Once the calves were back with the cows, we started herding the group towards the
sorting pens.  About the time the sun started to peek out beyond the horizon, this group of cattle were heading towards the pasture gate we needed them to exit which was right in line with the sun.  When the sun reflected off of the fog, which was just about eye level for the cattle, it created an imaginary barrier the cattle didn’t want to cross.  This meant they all turned around and headed back towards us.  Kevin just happened to be in a muddy part of the pasture, and he tried to run and head them off.  The problem with this idea was that his boot almost came off in the mud.  We tried not to laugh at him but it was really hard not to.  The cattle rushed passed him, and since I am not afraid to realize when I am in over my head, I quickly moved out of the way of the 35 head of cattle (and 35 calves) headed my way.  This however wasn’t the right move for me to make according to Kevin, I should have stayed where I was and herded the cattle back in the right direction!  Rachelle laughed at me and pointed out I wasn’t very brave.  I pointed out to her I was working SMART, and I knew I would be more help to them if I wasn’t injured.

We re-grouped at this point and we tried again to move the cattle through the gate.  The second time was successful and the cows walked the rest of the way to the sorting pens with no problems at all.  Now it was time to sort the calves from the cows.  This is not my favorite part because if someone is going to get hurt, this is a likely time.  The cows weigh A LOT more than I do and if they step on my foot, it’s gonna hurt!   To get an idea of what I am talking about, imagine having a few 1,700 pound cows running your way, it’s a bit intimidating when your only 5’ 6”!  Kevin had me working the gate and he took care of sorting the calves from the cows.  This was much safer for me, and Kevin is a natural when it comes to sorting cattle and working with livestock in general.  I am always amazed with his ability to sense which way a cow is going to go and his ease of moving without startling the cattle.  It’s a gift that can’t be taught easily; most great livestock handlers are just born with this gift.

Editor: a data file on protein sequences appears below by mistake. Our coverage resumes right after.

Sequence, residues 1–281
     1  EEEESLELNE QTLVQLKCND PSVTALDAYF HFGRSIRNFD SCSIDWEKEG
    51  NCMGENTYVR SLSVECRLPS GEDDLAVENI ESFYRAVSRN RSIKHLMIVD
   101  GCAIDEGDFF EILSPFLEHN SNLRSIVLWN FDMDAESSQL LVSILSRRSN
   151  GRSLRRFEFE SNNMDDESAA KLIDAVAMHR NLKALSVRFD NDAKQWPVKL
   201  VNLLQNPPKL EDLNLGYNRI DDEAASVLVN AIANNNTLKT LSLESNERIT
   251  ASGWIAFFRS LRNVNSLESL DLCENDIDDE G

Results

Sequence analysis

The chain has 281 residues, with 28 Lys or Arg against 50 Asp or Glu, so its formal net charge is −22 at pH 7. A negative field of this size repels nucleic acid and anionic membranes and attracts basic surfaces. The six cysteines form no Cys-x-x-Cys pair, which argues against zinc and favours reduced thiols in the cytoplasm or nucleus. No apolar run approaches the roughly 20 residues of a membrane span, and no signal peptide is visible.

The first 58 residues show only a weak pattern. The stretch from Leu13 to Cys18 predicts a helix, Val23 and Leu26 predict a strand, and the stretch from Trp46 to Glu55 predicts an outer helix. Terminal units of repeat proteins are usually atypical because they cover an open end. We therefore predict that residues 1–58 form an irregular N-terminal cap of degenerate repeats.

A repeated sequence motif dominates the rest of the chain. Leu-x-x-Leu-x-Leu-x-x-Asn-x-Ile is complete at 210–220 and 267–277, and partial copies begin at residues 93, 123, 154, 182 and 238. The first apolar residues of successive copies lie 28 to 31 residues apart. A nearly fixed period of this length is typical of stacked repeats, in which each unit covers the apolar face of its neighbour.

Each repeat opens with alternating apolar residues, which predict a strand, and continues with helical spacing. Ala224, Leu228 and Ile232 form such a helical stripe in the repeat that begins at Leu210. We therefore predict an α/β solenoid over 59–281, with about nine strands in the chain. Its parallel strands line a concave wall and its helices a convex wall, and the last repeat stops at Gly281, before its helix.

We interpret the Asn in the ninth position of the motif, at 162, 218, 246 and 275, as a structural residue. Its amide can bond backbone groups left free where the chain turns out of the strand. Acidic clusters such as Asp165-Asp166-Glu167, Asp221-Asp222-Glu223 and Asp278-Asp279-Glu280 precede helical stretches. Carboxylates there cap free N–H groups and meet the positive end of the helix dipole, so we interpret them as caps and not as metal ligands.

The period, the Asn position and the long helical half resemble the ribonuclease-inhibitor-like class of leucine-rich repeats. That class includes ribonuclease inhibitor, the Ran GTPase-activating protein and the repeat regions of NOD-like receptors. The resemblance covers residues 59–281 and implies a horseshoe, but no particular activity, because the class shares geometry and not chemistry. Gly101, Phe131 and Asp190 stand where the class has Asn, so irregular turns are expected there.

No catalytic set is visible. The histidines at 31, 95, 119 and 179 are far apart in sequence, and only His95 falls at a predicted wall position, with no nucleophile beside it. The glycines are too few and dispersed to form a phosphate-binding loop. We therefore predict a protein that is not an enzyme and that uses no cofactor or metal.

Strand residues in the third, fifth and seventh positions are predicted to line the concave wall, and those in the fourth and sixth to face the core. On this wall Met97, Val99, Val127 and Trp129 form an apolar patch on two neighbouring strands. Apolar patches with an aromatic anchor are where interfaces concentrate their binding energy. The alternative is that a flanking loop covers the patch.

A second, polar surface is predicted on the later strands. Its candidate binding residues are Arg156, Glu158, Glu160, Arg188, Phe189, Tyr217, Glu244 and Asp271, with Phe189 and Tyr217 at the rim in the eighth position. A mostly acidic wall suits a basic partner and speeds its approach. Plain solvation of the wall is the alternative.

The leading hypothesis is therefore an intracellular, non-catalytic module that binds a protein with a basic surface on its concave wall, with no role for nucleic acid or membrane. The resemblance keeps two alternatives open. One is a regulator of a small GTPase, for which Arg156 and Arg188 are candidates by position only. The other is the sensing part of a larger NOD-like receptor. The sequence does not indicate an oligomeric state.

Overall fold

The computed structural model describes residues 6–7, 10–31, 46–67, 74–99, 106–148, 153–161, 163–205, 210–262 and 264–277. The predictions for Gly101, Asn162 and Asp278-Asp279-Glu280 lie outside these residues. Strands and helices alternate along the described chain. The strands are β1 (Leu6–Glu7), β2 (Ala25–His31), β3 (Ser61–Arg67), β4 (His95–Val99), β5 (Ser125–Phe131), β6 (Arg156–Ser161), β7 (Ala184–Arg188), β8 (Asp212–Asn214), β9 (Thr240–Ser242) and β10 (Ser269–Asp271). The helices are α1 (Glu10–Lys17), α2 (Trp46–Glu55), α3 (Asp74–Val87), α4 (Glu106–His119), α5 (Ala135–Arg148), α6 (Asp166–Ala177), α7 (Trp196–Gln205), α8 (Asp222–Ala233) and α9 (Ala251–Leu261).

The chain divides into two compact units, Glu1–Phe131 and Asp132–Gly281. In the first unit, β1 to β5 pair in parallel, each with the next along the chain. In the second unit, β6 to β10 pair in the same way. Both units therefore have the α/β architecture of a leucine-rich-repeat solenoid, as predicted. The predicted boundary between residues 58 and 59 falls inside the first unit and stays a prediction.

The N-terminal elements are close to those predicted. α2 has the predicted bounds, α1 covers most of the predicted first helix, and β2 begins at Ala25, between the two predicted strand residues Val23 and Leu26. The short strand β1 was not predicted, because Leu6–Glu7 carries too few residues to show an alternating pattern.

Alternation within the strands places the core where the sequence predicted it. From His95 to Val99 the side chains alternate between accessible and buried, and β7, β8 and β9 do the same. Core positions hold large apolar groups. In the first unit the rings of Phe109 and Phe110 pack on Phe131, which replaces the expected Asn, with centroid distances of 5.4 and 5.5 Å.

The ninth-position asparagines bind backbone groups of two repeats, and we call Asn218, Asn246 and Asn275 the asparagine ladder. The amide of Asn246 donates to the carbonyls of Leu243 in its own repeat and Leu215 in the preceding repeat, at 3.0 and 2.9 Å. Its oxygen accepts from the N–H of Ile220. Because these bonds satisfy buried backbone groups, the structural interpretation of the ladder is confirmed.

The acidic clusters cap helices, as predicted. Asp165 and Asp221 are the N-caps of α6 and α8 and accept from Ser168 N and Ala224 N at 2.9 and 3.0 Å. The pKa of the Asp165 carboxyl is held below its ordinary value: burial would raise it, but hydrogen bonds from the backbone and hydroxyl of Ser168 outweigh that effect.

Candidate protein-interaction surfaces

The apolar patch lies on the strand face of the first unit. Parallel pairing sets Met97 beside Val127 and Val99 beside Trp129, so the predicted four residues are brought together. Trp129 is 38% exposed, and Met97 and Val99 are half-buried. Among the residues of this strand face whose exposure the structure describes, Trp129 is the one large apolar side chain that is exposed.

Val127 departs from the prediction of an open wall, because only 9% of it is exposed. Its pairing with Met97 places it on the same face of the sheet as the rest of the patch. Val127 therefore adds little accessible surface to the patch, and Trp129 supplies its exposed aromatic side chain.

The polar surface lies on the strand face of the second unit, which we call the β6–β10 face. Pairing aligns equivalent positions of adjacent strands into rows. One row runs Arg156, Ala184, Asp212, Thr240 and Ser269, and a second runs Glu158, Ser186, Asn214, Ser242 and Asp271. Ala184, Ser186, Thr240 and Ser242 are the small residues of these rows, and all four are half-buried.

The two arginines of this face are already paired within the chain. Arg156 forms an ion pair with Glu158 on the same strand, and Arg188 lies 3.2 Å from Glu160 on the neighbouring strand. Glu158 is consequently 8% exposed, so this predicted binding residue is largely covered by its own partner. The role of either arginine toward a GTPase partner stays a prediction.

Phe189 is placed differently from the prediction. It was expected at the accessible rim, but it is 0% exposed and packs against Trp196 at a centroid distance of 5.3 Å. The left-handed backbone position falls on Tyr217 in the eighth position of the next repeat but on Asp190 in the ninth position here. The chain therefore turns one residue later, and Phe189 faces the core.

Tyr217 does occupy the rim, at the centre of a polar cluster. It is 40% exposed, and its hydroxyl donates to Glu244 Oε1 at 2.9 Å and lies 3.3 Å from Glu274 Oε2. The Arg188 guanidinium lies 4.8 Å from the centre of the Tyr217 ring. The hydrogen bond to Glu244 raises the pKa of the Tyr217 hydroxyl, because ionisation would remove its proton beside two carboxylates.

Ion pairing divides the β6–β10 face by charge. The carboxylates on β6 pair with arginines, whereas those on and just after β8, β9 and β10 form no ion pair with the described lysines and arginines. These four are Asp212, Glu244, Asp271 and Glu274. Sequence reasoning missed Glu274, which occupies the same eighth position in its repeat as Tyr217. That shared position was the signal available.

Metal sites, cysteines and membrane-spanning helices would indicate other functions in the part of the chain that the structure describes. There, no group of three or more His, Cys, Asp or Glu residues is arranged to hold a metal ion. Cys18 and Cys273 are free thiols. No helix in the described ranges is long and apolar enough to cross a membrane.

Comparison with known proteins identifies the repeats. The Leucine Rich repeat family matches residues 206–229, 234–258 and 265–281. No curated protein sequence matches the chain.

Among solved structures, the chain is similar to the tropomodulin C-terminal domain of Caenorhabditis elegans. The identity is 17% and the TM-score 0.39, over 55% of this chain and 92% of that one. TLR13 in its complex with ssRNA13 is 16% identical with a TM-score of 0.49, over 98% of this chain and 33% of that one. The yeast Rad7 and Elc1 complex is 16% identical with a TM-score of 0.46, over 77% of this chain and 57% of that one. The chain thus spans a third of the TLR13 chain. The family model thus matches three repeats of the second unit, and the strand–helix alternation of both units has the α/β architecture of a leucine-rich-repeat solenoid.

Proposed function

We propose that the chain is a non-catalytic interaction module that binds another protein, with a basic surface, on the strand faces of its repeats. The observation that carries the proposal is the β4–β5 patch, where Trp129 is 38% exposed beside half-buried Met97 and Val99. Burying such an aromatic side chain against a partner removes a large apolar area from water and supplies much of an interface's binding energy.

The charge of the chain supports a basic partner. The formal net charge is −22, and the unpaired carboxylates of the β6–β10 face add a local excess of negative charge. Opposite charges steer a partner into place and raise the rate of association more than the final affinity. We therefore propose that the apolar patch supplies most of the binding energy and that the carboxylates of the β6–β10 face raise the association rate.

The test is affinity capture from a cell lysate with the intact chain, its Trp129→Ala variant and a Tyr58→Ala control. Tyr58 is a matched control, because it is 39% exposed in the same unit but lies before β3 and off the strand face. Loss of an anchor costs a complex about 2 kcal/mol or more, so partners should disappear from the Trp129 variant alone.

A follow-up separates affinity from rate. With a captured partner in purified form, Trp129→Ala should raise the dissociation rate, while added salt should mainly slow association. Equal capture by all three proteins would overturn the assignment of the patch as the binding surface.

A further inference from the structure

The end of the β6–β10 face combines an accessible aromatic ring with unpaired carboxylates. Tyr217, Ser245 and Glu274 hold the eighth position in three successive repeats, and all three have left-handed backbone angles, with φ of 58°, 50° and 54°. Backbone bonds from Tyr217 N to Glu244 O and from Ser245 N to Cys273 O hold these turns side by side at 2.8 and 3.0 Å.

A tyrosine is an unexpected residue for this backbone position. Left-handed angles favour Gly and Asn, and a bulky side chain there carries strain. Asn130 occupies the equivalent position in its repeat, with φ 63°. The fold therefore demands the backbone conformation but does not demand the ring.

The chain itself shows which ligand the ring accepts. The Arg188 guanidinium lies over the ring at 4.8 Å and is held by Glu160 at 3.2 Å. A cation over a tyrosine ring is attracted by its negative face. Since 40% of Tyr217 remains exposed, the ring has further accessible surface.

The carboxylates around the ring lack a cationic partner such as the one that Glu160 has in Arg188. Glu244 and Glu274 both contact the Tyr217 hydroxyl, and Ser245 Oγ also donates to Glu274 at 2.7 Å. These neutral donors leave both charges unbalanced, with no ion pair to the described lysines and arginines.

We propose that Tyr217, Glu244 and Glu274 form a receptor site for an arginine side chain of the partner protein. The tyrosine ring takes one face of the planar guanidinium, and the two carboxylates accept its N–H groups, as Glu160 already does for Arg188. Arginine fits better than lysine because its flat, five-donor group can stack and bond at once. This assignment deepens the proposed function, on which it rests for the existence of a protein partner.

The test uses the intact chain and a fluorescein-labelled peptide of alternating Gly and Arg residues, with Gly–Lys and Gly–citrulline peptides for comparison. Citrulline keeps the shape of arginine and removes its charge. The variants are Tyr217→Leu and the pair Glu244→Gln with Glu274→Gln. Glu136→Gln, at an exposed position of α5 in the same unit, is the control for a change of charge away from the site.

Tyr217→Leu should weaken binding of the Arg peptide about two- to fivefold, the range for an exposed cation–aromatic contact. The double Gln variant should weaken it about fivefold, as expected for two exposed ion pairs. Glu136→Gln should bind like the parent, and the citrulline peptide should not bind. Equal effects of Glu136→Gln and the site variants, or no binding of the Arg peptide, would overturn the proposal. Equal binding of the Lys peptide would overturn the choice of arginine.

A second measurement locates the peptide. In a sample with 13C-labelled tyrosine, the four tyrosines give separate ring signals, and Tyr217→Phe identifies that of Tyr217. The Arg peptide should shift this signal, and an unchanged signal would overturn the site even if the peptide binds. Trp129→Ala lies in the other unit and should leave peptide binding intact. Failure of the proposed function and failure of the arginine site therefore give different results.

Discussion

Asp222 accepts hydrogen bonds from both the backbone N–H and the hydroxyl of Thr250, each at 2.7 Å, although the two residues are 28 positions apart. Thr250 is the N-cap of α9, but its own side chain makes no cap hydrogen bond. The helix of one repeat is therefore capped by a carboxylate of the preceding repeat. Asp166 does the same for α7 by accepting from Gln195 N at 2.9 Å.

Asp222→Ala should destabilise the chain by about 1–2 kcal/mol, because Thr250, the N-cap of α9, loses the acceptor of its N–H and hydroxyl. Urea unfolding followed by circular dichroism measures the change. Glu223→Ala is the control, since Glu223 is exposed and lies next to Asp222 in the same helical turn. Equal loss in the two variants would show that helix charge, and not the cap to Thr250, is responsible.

Once the calves were sorted from the cows, it was time to start breeding the cows.  And it was time for Rachelle to head to the house for a shower before ball practice.  We both headed to the house for showers because I was going to the feed mill to catch up on paper work while she was at practice.  And I was splattered from head to toe with cow manure!  My dad came up to replace me and Rachelle during the breeding to work the gate.  So far I haven’t heard how the rest of the morning went but it sure is a beautiful day to be outside working in nature and caring for the livestock.

About Chris Chinn

My husband, Kevin, and I are 5th generation farmers. We live on our family hog farm in Missouri with our two children. Our dream is that our children will have the opportunity be the 6th generation of farmers in our family.